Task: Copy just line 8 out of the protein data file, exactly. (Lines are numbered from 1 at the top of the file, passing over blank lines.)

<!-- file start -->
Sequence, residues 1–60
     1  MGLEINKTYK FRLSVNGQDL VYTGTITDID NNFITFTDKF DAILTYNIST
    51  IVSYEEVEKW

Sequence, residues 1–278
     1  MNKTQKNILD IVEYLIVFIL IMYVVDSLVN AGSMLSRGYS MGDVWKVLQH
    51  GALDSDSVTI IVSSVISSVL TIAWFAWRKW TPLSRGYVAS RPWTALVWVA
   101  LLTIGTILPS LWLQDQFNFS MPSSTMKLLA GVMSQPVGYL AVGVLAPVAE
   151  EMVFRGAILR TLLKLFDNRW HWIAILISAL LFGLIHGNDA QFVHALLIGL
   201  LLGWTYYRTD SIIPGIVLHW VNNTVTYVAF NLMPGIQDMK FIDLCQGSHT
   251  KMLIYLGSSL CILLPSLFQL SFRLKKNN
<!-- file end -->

   151  EMVFRGAILR TLLKLFDNRW HWIAILISAL LFGLIHGNDA QFVHALLIGL